Thermopolis Independent Record - Your source for news in Hot Springs County

By Mark Dykes
Reporter Photographer 

Darren Dumas jury trial begins

 


Monday saw the start of the trial in a case against Darren Dumas, who is charged with strangulation of a household member and domestic battery. The strangulation charge stems from Sept. 26, while the battery charge is from Sept. 23-26, and it is alleged he beat and strangled Christy Dumas.

Court documents indicate the couple had been arguing Sept. 23, and he smashed her cell phone against the wall and a tablet against her head. Also, it’s alleged he hit, slapped and punched her between Sept. 23 and 26. Christy endured injury to her left upper arm, back, right arm, chest, stomach and behind her left ear.

Concerning the strangulation, documents allege on Sept. 26 during an argument Darren grabbed Christy by the neck and threw her to the floor, and put his hand over her mouth and nose.

During opening arguments, Hot Springs County Attorney Jerry Williams said the jury would hear Darren and Christy’s story, of how the two met, fell in love and eventually married. There would be times when Darren was gone from the house for long periods, Williams said, but Christy maintained their home.

Williams said the jury would also hear from Christy of how Darren changed, becoming more upset with her and, at times, staying away from her. Williams said this change in behavior would continue until one day when Darren exploded and became violent, hitting and knocking down Christy.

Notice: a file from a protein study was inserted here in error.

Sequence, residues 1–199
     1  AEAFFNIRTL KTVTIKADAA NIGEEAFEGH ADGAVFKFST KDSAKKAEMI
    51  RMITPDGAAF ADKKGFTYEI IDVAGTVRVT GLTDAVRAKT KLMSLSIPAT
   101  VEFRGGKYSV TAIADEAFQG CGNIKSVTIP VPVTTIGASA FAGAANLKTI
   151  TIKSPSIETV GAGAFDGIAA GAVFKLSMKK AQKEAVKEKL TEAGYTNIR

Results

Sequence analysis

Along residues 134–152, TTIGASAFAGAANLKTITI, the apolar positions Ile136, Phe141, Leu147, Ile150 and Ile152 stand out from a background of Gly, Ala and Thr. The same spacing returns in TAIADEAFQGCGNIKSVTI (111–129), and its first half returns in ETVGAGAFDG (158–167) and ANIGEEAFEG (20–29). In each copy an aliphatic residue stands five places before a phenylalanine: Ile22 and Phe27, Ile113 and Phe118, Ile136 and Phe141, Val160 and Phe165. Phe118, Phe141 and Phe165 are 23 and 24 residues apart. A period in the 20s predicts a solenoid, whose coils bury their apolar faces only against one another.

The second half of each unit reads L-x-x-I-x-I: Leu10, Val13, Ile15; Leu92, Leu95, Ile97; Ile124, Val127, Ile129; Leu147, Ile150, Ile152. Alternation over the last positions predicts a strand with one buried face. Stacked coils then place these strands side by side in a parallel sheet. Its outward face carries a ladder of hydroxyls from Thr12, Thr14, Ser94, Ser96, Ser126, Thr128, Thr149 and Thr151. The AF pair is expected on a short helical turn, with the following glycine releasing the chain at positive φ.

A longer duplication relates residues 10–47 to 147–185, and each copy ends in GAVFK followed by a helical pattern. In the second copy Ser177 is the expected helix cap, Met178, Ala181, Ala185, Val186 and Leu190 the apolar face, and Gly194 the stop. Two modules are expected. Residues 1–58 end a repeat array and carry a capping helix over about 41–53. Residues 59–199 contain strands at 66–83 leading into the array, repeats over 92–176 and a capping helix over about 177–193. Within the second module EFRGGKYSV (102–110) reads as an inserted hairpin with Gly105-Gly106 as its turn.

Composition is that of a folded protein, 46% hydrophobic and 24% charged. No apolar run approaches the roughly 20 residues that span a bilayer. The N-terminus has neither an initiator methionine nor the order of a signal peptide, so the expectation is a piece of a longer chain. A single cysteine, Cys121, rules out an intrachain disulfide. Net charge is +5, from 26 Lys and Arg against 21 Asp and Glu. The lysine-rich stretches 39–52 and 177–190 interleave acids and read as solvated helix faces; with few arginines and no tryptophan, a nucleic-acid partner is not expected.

Though Christy would seek help from the HOPE Agency, Williams said, she returned to the home she and Darren shared at a time she thought he was gone; he was actually there, and told her she was going to watch the kids of one of his family members and he threatened to kill her if she didn’t keep the kids quiet.

Williams further noted the jury would hear from medical experts as to the extent of Christy’s injuries.

Defense attorney Hope Mead said the trial would be the story of Darren and Christy’s 14-month relationship, and how they were together for only a short time prior to getting married.

There was a time in their relationship, Mead said, when Darren decided he did not approve of Christy’s friends or lifestyle. Darren approached Christy twice about a divorce, Mead said, and Christy told him she was not ready to end it. As for their time apart, Mead said Christy would go to Darren’s work to speak with him. The attorney described it as stalking to keep their relationship together. She also said Christy believed Darren had feelings for another woman.

As to the September incidents from which the charges stemmed, Mead said Christy’s reports are inconsistent as to when and where they happened, how everything happened and the extent of her injuries. She said the jury would have to determine which version, if any, is proven beyond a reasonable doubt. She added they would not hear, with any certainty, of the injuries caused by Darren or if she couldn’t breathe during the incidents.

Among those called by the prosecution was Dr. Jason Weyer, who saw Christy when she came in to the emergency room at Hot Springs County Memorial Hospital on Sept. 27, to be evaluated with regard to domestic assault.

Weyer said Christy’s chief complaint was she was assaulted and choked, and had pain in her head, neck and wrist, as well as areas of her skin. Weyer noted she had tenderness in her neck, as well as a bluish purple contusion on her arm.

Weyer said Christy also spoke to him of receiving injuries to her head, and testified there is always the potential that such injuries can cause memory loss at the time they are inflicted or even later.

Closing arguments in the trial were scheduled for 10 a.m. Wednesday.

 

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